I arrived at about 5:15 in the am. The sub-branch president of the [RSL](http://www.rsl.org.au/) had invited me to come and speak to those who assembled to commemorate [ANZAC](http://www.awm.gov.au/commemoration/anzac/anzac_tradition.asp) day (It’s interesting how people talk about “celebrating” ANZAC day rather than “Commemorating” it. I think I’ll react to that a little in this post. Oh, for the internationals, you might want to click on the ANZAC link to get a feel for what I’m talking about)
I was a little surprised by the crowd. It’s pre-dawn, pouring rain & quite cool, yet gathered in the RSL are maybe 300 people who have come for the dawn service.
Sombreness, quiet, contemplative, respectful.
The names of the war dead from the region were read, and I was invited to speak. I spoke, only for a couple of minutes, about the statement “lest we forget,” noting how the drive and focus of our lives changes when we make sure to hold in our minds the sacrifices that have been made to secure the freedoms we might otherwise take for granted. Of course, this is a theme that reflects the ANZAC sacrifice, and even more-so that made by Christ on the cross, securing for us the freedom to call God our Father. It was a sedate (but I hope challenging) message, followed by a reading of “[The Ode of Remembrance”](http://en.wikipedia.org/wiki/Ode_of_Remembrance) and the end of the service.
I left almost straight after, having to rush home before heading out to a morning of church services.
My entry at 2pm was quite a different one!
I wasn’t even at the doors before I heard the excited yells. Having navigated the crowded entry way, the first room to the left was crowded with men (and women who were particularly game) surrounding a ring of ground, where a couple of men stood, tossing coins in the air, while everyone bet on the result. The great Australian gambling institution of “[two up](http://en.wikipedia.org/wiki/Two-up),” legal only on this day, was being played. The rest of the pub was full of people having fun, drinking beer & watching footy!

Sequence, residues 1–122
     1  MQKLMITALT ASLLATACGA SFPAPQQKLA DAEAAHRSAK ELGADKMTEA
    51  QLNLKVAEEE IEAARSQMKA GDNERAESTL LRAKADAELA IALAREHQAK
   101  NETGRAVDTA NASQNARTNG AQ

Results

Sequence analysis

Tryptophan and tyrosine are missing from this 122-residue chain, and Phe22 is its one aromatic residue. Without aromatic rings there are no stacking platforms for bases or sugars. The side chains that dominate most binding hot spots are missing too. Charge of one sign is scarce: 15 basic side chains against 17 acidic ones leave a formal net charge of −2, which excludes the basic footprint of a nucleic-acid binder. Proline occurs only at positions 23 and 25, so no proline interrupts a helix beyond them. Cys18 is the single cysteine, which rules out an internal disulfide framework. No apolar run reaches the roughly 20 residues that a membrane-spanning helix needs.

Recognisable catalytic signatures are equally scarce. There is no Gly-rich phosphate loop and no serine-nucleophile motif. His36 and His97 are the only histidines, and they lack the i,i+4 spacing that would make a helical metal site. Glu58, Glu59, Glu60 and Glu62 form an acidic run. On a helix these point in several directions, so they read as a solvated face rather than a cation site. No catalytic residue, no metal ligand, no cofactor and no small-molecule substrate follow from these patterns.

At 2:45 I headed outside to the cenotaph where there was quiet for another service & I had the chance to speak again.
I’ll be honest, I had expected this experience, so I was prepared, ready to talk about how we make sense of these seemingly contradictory experiences.
I think a lot of people wonder how we have such a party atmosphere through so much of this day. Isn’t it a time for commemoration, for solemn consideration?
Yet in the celebration we see a reflection of what it was that so many ANZACS died for. In their loftier moments, maybe when they were being interviewed for a paper, they may have spoken of the greater virtues for which they fought, the grand philosophical ideals, but the truth, I think, is that most men fought to protect that basic, day to day freedoms that we all enjoy. It was for the chance to play some games with your mates & enjoy a cold beer, the chance to enjoy a barbie & chew the fat (literally and figuratively) that these men fought & died.
What they were about was not just the grand & majestic, but the whole of life!
Do we fail to apply this principle to our understanding of God?
Have we built a philosophical “ivory tower” with starched collars, organ music, brass crosses & uncomfortable pews, where a God of frowns & consternation lives?
I’m thankful that the God that I know is a God who is interested in the whole of life. Dare I say it, he’s more interested in my Monday to Saturday than he is in my Sunday morning.
Jesus didn’t spend the lion’s share of his time with religious leaders & wowsers, but with tradesmen, the poor & the “authentic” people of the world. And his death, on our behalf, was made to redeem ALL of our lives, both the majestic & the mundane.
We’d do well to reflect on the sacrifices that our forefathers made on our behalf, when we enjoy so many things that billions in this world don’t have access to. And we’d do even better to remember that God offers EVERYONE a chance at even greater things if they put their faith & trust in Jesus.